In honor of African-American music month, an event sponsored by the Pittsburgh Black Media Federation on June 30 reunited several legendary WAMO 106.7 DJs. The evening also saw the emergence of the new WAMO 100.1’s community commitment as they partnered with PBMF to raise money for the organization’s Urban Journalism Workshop.

MEDIA LEGENDS—From left: Urban Journalism workshop Co-Director Chris Moore, Brother Matt, Debbe Parker and Sly Jock share a laugh. (Photo by J.L. Martello)

“It’s Black music month and I thought what a great time to welcome back Black radio to Pittsburgh. Radio is one of the things we celebrate through our Urban Journalism Workshop. I think it shows a sense of unity throughout the community that we are able to come together for our children. I’m grateful that (WAMO) decided to partner with us,” said PBMF President Tonita Davidson. “I just think it’s a great opportunity to see all the old radio personalities come back and come together for a good cause and it’s great to see unity between the old and the new. It’s great to see, just as a person living in Pittsburgh.”

Proceeds from the 2011 Black Urban Radio Reunion Party held at Melange Bistro Bar will benefit the Frank Bolden Urban Journalism Workshop. Each summer, the week-long workshop gives local high school students a taste of what it is like to work for a newspaper, television network or radio station.

“(WAMO is) dedicated to promoting and helping promote young students who want to be involved in the media. In this field, experience is so important. WAMO gave me experience when I was just starting out,” said the former WAMO 106.7 intern and current WAMO 100.1 radio personality Mike Jax. “This organization is going to be doing that and giving people opportunities. It’s important to me to be a part of an organization that does that.”

The event served as a chance for the public to meet the new staff at WAMO 100.1 and allowed them to put faces to the voices they hear on the radio. But, it was also a chance for WAMO 100.1 staff to meet the people whose footsteps they are following in.

“At first it was a little overwhelming, stepping into a brand that was already established. Now I’m just enjoying breathing in the air of all those legends who were here before me,” said Tim Steele, WAMO 100.1 program director. “Being a Black person in the media, it’s important for me to reach out. Now you have two groups coming together like this who can help youngsters who want to be in the media.”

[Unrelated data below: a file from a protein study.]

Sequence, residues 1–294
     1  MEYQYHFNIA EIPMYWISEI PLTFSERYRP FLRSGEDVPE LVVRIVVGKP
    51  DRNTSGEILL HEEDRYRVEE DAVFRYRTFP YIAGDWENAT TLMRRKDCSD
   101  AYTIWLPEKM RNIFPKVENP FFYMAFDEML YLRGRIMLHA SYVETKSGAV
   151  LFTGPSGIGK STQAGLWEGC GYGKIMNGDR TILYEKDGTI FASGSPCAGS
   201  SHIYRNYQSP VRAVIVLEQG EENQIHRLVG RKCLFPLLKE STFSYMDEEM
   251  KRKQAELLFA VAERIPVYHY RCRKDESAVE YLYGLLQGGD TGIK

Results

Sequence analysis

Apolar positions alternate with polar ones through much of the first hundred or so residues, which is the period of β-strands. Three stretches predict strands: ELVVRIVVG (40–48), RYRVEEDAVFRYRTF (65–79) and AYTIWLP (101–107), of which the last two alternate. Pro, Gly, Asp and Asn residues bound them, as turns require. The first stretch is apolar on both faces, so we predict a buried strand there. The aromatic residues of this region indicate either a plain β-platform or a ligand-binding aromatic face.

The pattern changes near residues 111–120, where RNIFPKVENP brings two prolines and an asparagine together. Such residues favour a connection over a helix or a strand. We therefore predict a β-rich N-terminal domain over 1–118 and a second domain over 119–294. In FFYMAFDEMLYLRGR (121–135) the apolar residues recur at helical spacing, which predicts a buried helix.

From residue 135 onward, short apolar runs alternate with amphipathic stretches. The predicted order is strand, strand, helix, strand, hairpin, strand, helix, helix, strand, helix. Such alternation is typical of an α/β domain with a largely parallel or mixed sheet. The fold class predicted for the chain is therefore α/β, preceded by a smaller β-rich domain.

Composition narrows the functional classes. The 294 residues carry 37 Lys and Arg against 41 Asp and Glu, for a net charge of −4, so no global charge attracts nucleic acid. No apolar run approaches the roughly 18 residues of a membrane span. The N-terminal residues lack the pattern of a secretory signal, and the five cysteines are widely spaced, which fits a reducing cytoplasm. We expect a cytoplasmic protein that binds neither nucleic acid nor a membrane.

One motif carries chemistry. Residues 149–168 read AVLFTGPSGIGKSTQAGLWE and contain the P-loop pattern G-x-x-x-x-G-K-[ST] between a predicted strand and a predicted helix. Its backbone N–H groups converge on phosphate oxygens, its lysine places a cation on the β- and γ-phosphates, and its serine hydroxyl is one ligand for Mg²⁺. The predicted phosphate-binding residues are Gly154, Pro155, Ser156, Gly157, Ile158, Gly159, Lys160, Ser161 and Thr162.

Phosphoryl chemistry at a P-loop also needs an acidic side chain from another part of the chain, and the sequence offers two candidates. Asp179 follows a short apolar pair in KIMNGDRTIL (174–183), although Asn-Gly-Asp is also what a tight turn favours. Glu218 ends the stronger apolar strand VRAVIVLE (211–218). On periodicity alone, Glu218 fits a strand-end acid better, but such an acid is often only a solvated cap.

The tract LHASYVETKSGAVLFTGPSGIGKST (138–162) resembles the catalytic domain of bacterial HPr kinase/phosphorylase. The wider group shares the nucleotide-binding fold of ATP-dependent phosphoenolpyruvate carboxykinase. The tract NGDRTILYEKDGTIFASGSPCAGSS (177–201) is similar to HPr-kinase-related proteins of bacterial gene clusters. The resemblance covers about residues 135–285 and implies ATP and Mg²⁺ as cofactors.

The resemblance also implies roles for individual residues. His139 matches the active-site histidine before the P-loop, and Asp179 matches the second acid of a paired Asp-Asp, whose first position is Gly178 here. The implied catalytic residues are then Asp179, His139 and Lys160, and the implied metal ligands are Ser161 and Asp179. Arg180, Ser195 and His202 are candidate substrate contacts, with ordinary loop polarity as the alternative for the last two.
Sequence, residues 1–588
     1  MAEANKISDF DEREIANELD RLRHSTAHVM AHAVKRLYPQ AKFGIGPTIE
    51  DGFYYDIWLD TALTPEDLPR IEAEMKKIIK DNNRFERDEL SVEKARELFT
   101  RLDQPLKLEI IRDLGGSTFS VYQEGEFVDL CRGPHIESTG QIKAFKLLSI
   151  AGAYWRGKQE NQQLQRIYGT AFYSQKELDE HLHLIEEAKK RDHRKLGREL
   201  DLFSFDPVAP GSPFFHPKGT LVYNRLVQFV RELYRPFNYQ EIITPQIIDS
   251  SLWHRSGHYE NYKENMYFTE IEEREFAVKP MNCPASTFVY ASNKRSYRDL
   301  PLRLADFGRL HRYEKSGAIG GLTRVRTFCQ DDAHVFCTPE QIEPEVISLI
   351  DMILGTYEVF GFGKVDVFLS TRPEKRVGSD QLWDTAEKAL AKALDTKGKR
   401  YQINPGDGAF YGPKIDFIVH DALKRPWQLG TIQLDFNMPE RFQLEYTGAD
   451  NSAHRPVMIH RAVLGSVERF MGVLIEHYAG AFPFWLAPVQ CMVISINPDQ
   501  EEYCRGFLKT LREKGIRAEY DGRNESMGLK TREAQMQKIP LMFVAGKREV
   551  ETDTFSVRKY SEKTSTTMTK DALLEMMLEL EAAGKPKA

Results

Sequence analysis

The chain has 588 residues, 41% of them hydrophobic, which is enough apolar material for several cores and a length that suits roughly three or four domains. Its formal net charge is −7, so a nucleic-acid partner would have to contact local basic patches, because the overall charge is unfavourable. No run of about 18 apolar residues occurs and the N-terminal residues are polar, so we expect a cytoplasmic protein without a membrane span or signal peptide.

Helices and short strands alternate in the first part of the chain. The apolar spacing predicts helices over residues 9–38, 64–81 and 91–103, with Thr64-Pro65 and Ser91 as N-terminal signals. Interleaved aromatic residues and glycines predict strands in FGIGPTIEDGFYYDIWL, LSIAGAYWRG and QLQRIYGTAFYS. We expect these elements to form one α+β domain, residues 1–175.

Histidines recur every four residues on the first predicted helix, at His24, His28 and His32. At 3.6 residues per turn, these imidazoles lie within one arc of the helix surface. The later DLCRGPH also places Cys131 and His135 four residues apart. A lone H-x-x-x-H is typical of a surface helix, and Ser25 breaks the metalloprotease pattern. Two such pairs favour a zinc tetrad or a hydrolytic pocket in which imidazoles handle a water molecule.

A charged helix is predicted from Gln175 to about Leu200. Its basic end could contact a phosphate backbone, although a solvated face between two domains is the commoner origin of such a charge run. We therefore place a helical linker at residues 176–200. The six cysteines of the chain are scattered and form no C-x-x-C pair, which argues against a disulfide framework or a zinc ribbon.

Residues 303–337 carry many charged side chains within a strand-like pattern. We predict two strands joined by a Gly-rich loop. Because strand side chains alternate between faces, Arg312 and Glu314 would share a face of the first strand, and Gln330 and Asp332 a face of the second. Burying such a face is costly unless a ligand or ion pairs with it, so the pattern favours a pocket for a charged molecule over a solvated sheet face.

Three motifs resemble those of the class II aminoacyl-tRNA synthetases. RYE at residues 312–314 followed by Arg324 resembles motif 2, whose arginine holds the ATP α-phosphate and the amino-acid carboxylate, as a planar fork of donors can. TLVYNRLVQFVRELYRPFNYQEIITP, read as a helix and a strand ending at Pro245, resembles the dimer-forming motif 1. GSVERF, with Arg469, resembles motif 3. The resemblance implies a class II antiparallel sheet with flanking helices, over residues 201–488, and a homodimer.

While the WAMO 106.7 DJs spent their time reminiscing with their former colleagues, they also had words of encouragement for the new staff at WAMO 100.1, especially the on-air talent.

“There were a lot of disc jockeys that came through the city of Pittsburgh. A lot of legends got their start here,” said Frank Greenlee, former WAMO jazz program director and DJ. “The young jocks have to understand one thing; you have to make a commitment to the community.”

“Everyone in this room who’s just getting in the business, I have two words for you—have fun,” said Debbe Parker. “It’s really great that we have a station back on the air.”

“I think the new station is something the city needed definitely. It’s what the city needs and it sounds good too,” said Sly Jock. “I came out because I want to see the old crew. I wanted to see the new jocks too.”

PBMF also received a proclamation from the mayor’s office in honor of African-American Music Month, to celebrate the return of WAMO and the commitment PBMF has made to aid youth pursuing careers in the media.

“Isn’t it good to have WAMO back. I think it’s great that WAMO’s back on the air,” said Ed Gainey, coordinator of economic development for the mayor’s office. “We need an outlet for the urban community and for the youth especially.”

PBMF is an organization of journalists, communications specialists and students who support Black journalists and the Black community; host programs that recognize excellent media coverage of minority communities; and train young people to enter the media industry.

“We’re really trying to get the chapter revitalized,” said C. Denise Johnson, event chair. “I think WAMO is interested in establishing itself in the Black community.”

“I think it’s important that we have two different networks that have the same goal in mind. It has a great theme to it,” said Michael Rose, PBMF member. “It’s a good way to market the new station to people who want to know the personalities, to get to know the people behind the microphone.”

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